Therefore Jonny has been carrying out a series of tests on F-15-0 motors in order to get performance data that can then be used to more accurately predict, model and achieve a propulsive landing. The video below is the 4th and final test, data from each test can also be downloaded in the video description.
Head over to Twitter to find out more on Joes’s landing legs and grid fin design!
Video Caption: After building a ground-up simulation of the vehicle’s behavior under thrust, I re-tuned the stability algorithm to the inertia I calculated from the results of a bifilar pendulum test. The calculation was incorrect, due to an extra set of parentheses used, and the algorithm was then tuned to the incorrect vehicle inertia. The calculated inertia was much smaller than it should have been, so the simulation predicted a vehicle requiring less control authority, hence the loose oscillation during the test. The error was found soon after.
Video Caption: Once the error in the inertia calculation of the Series B Hold Down was found, a second bifilar pendulum test was conducted with newly added landing legs and grid fins to obtain an updated measurement. The vehicle was once again tuned in the simulation, the values were set in the flight software, and the test was conducted.
A slight oscillation can be seen during the test. The cause is unconfirmed, but is likely due to the following factors. A changing CG during the burn, a slightly loose TVC mount due to ascent and landing motors being loaded, or inconsistencies in the propellant causing small non-axial moments on the vehicle. There are other potential factors, but these are the most likely.
This test passes overall, and with a sufficiently accurate tuning(for the flight profile), focus will now be set on aerodynamic testing and flight software work.
In this video, Joe goes over the recent work on his launch pad and his continued tuning of his control algorithms for thrust vector control.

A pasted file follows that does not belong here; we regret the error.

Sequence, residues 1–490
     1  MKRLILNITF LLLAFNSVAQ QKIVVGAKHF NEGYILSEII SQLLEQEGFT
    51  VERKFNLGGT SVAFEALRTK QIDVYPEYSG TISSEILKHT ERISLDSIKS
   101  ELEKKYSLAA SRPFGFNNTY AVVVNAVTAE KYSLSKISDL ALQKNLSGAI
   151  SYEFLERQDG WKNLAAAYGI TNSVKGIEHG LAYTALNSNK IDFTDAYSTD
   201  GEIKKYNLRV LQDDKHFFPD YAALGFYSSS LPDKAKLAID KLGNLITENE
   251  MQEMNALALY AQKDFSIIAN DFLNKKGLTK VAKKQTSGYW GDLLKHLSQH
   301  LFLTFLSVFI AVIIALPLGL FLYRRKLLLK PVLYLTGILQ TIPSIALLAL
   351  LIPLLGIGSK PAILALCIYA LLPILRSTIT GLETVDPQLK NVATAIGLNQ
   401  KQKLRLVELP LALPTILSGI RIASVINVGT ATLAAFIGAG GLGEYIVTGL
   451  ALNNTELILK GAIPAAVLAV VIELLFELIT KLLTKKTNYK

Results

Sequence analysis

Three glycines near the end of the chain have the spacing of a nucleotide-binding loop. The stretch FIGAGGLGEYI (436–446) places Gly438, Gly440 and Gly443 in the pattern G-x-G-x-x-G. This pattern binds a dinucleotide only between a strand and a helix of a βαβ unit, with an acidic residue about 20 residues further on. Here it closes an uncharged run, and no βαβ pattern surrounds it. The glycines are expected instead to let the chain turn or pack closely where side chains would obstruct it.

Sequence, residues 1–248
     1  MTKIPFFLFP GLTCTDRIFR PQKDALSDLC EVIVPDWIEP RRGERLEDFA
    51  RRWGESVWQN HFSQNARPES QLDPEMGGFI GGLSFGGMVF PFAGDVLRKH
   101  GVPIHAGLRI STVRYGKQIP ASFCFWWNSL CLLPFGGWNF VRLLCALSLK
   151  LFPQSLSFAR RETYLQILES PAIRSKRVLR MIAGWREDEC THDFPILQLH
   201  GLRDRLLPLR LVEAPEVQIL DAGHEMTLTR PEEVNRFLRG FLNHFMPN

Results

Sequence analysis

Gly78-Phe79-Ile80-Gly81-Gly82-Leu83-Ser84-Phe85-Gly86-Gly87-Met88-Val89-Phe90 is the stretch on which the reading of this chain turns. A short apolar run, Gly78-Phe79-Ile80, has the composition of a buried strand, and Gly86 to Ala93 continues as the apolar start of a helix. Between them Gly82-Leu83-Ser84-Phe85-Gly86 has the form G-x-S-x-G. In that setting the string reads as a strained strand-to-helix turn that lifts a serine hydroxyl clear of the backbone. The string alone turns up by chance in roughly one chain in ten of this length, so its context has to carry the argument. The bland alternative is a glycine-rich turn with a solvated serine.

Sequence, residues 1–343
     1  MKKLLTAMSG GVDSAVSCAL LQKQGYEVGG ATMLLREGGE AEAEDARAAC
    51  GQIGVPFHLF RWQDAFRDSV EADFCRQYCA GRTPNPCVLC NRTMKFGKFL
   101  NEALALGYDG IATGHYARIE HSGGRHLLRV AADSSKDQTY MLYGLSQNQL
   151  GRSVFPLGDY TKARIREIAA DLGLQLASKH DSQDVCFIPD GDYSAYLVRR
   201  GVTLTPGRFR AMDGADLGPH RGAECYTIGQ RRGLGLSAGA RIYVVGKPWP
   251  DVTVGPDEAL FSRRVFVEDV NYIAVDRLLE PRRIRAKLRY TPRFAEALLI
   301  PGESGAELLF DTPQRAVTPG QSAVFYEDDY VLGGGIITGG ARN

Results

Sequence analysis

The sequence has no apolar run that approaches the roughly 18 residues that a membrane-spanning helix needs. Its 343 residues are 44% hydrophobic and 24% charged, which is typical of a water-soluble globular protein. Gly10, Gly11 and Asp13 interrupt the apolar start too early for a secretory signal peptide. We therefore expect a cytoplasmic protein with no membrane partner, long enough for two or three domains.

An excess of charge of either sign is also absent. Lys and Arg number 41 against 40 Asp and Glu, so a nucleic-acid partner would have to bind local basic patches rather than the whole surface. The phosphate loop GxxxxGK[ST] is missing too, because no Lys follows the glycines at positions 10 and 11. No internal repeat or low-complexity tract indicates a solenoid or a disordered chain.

Video Caption: This test was not intended to(and does not) feature a fully stable vehicle or tuning. The purpose of Series A is to gather high resolution data from the flight computer in order to build an accurate offline model of the vehicle, and its response to a given TVC correction value. The vehicle aimed to keep one axis steady, while cycling through a 10 degree offset in the set-point on the other axis, roughly halfway through the burn. Using the offline model, I can tune the stabilization algorithm without running complicated and expensive tests, saving time in the process. A TVC Series B test will be conducted after thorough offline verification of the ideal tuning is ready, likely within two weeks.
Joe Barnard has made significant progress on his in-house designed and built Signal flight computer. This computer will support his efforts in trying to propulsively land a hobby rocket. Joe does a much better explanation of the system in the video below, but if you are interested check out the Signal Avionics web page over at BPS.
Video Caption: This is the 3rd attempt at fitting everything onto the flight computer efficiently. Probably won’t be the last. This is a large chunk of the design process, but there’s much more to do before the board is finalized.